The Chinese Herbalist’s Handbook
A Practitioner's Reference Guide to Traditional Chinese Herbs ...
- ISBN: 9780910261265
- 3rd ed. 2002, 765 pages
inkl. 7 % MwSt. plus Versandkosten
Lieferzeit: ca. 5 - 10 Tage/days
The author Dagmar Ehling has drawn heavily from well-known texts including Chinese Herbal Medicine Materia Medica and Chinese Herbal Medicine Formulas and Strategies to provide concise information that is quickly accessible.
Formulas are arranged according to zang fu syndrome, and four stage, six division, internal pathology.
There is a clinical quick reference to over 400 single herbs.
Herbal preparation procedures are presented in a tableized format and include preparation, cooking requirements, cautions, toxicity, contraindications, etc.
Numerous appendices cover common, Pinyin, pharmaceutical, and botanical names.
Herbal Prescriptions According to Syndrome Differentiation.
Over 500 formulas organized for easy clinical reference after a diagnosis has been established. Formulas are arranged according to all Zang Fu syndromes, the four stages, the six divisions, and selected internal medicine disorders. Each formula is detailed with Pinyin, English, and commercial extract formula names, ingredients, dosages, indications and contraindications, and special preparation methods. All major formulas are highlighted.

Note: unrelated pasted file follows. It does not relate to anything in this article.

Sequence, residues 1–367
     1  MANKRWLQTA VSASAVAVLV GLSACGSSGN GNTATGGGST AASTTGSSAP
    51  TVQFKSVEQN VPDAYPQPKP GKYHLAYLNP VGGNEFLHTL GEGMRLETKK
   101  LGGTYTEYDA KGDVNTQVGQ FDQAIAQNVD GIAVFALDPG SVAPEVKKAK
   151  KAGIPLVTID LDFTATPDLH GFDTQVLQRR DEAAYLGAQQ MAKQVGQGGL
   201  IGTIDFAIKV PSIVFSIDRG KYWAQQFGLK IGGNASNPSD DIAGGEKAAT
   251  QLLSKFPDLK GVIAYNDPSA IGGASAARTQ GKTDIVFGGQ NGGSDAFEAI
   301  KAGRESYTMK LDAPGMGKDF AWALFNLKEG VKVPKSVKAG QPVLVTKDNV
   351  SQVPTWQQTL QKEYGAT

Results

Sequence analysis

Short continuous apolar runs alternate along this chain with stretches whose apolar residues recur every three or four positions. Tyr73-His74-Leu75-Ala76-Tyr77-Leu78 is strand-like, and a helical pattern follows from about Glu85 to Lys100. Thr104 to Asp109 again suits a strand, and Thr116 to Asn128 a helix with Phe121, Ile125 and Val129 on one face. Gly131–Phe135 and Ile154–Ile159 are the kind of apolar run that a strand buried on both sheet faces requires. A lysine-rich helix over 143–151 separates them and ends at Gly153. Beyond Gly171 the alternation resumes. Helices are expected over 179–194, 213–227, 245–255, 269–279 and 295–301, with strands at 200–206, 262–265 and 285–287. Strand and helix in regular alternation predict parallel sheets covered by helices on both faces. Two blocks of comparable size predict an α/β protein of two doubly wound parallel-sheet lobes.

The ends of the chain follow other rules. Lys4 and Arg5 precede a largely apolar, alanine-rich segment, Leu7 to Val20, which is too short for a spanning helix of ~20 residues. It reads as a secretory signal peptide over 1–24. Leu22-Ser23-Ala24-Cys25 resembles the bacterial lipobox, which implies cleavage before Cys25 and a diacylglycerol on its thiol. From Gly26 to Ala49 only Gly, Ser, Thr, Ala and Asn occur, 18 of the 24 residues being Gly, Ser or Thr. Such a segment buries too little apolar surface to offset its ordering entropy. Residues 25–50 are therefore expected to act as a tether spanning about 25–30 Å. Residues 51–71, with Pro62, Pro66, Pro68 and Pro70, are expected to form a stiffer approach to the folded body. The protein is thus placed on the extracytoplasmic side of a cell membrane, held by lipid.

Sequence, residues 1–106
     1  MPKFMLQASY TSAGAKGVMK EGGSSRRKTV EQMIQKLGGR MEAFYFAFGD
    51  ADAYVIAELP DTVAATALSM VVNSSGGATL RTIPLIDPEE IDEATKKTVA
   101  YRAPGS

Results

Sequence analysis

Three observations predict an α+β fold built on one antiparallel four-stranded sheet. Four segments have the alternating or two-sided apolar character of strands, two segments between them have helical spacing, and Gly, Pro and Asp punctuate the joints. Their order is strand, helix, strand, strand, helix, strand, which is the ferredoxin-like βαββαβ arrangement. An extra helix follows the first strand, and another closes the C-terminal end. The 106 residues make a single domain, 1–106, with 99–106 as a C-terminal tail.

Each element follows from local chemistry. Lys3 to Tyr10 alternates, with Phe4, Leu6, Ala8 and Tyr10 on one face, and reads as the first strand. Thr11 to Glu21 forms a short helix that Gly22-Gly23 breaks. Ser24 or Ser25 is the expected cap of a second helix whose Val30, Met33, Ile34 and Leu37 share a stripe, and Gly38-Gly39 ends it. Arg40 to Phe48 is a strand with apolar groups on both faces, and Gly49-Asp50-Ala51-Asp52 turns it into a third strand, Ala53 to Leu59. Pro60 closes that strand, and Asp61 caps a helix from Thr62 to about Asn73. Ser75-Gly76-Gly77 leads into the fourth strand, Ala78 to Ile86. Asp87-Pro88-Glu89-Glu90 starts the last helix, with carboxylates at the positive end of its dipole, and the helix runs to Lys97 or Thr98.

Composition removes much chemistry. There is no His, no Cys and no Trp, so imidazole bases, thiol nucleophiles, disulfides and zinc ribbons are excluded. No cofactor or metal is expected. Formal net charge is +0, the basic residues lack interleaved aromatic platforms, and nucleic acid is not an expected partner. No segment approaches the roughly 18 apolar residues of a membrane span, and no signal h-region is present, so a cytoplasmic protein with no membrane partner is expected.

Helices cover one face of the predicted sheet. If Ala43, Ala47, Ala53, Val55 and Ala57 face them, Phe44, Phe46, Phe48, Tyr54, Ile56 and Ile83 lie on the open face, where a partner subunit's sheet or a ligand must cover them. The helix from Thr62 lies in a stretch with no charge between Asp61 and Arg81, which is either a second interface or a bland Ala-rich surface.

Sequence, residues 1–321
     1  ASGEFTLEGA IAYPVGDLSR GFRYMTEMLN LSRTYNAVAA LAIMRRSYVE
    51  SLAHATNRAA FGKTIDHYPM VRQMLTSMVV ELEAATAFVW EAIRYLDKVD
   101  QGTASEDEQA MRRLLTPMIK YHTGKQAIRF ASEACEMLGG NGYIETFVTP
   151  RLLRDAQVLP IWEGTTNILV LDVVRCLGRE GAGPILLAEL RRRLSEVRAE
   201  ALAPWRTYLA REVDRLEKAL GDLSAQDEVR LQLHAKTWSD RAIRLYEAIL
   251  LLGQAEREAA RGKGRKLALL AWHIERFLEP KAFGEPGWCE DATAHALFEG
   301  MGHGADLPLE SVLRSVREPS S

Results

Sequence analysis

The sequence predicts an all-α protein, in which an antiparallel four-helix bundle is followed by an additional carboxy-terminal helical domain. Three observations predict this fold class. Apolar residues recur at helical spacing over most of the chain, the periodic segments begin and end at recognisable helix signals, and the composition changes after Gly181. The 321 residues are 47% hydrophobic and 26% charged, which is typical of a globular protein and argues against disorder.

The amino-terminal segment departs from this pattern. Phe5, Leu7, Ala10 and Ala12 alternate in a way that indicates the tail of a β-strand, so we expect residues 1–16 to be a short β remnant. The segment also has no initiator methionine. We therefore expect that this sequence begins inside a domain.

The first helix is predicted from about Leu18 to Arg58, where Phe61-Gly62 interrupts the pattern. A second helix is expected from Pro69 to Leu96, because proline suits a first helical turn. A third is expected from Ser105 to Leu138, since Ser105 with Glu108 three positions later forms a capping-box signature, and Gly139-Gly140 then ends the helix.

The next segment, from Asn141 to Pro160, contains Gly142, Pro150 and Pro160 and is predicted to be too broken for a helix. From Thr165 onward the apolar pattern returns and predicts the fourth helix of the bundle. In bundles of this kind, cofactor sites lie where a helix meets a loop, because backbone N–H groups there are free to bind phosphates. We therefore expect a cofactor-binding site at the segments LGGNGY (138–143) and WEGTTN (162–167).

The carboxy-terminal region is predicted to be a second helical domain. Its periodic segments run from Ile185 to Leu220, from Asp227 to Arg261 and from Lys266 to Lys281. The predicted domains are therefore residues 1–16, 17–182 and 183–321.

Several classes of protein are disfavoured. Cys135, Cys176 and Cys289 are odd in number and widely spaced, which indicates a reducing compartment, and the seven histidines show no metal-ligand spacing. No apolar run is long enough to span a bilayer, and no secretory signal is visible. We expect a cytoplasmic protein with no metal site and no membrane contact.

Clinical Quick Reference to Single Herbs.
Over 400 individual herbs from traditional categories organized into clinically relevant subcategories. Helps guide the practitioner in modifying formulas for individual patients needs.
Table of Herbal Preparation Methods.
Over 400 individual herbs listed in chart form, enabling the practitioner to easily see important preparation considerations, including cooking needs, combining cautions, internal vs. external use, special forms available, toxicity, contraindications, and unusual requirements.
Herb Name Cross-Reference.
Over 400 individual herbs cross-referenced alphabetically four ways, by Pinyin, botanical, pharmaceutical, and common names for easy use by practitioners trained according to varied naming conventions.